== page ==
Bronwyn Finnigan

I am a Senior Lecturer and Australian Research Council Early Career Research Fellow in the School of Philosophy at the Australian National University (ANU). I work in metaethics, moral psychology, philosophy of action and philosophy of mind in Western and Asian philosophical traditions. I am currently working on two related research projects funded by the Australian Research Council: a study of the meta-ethical foundations of Buddhist ethical thought, and a critical examination of Buddhist moral psychology with an interdisciplinary focus on the nature of fear, the regulatory function of trusting relationships, and the nature of self and subjectivity as it bears on psychological well-being.


I have a BA (University of Melbourne), MA (University of Sydney) and PhD (University of Auckland) in Philosophy under the direction of Rosalind Hursthouse and John Bishop and examined by Garrett Cullity and John McDowell. My doctoral thesis researched the nature of phronēsis or practical intelligence involved in pre-reflective modes of ethical response. The first chapter was published as Phronesis in Aristotle: Reconciling Deliberation and Spontaneity and was short-listed for the 2015 Annette Baier Prize.

I have studied Indian and Tibetan Buddhist thought in India, Nepal, USA, Switzerland and Japan. I co-authored Moonshadows: Conventional Truth and Buddhist Philosophy (Cowherds, OUP, 2011) and am principally responsible for a chapter that analyses Madhyamaka Buddhist two-truth theory in terms of Carnap's internal/external schema (2011) and providing an analysis of ethics for Madhyamaka (2011). I have published articles on the nature of action and ethical agency in the context of Indian Buddhist Pramānāvāda, Classical Chinese Confucianism and Daoism (2011a; 2011b); and on meta-ethical problems that arise when Buddhist ethics is contextualised in Pramānāvāda epistemology (2010) and Madhyamaka metaphysics (2015, 2018). I have written articles on Buddhist arguments for idealism (2018), the reflexive self-awareness of consciousness (2018), animal welfare and vegetarianism (2017), recent debates about whether Buddhist ethics is consequentialist or a form of virtue ethics (2017), and an article on the moral psychology of fear and trust in the context of Śāntideva's Bodhicaryāvatāra (2019). I have co-authored a book chapter with Koji Tanaka on spontaneous action in martial arts (2010) and have a forthcoming piece on karma, moral responsibility and Buddhist ethics.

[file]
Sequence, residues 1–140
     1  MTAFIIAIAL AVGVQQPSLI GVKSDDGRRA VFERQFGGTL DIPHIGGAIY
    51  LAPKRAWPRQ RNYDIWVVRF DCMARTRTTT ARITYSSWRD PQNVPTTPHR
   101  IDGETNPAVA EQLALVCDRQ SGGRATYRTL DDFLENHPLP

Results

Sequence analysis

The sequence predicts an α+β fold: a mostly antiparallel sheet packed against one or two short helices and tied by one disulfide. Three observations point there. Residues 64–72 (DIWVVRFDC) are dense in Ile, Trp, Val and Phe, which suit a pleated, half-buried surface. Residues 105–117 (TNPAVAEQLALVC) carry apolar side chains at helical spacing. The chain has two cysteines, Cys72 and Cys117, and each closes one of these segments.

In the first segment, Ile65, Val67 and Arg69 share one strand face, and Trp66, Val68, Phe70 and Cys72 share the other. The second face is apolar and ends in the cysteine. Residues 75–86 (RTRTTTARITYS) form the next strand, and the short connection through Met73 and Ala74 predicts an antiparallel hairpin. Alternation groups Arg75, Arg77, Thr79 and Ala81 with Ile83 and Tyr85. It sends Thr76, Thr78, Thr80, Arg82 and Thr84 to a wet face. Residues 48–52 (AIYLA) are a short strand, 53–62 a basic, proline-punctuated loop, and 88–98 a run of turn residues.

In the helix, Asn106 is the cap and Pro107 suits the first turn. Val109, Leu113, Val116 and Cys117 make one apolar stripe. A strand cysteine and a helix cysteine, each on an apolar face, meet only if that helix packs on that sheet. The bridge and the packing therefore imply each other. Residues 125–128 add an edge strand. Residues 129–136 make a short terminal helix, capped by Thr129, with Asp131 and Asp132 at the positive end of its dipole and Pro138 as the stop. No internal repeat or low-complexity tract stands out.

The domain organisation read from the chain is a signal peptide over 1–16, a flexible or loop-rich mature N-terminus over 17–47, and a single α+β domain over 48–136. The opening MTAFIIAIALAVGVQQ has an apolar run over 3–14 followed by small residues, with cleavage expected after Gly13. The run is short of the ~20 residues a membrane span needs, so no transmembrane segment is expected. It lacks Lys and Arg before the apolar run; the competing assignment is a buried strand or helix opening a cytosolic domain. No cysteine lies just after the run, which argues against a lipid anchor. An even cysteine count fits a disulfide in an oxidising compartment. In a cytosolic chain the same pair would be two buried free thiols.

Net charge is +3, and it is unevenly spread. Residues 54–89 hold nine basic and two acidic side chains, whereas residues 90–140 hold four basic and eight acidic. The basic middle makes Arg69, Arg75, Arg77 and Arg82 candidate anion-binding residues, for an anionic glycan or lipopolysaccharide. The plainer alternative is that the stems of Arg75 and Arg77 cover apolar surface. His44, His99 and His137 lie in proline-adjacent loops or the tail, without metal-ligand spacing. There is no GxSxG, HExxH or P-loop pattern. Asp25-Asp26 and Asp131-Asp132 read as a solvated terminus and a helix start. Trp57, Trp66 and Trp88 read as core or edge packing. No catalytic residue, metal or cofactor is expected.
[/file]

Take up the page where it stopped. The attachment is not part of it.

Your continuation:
Email: bronwyn[dot]finnigan[at]anu[dot]edu[dot]au
     School of Philosophy, RSSS
     The Australian National University
     Canberra ACT 2601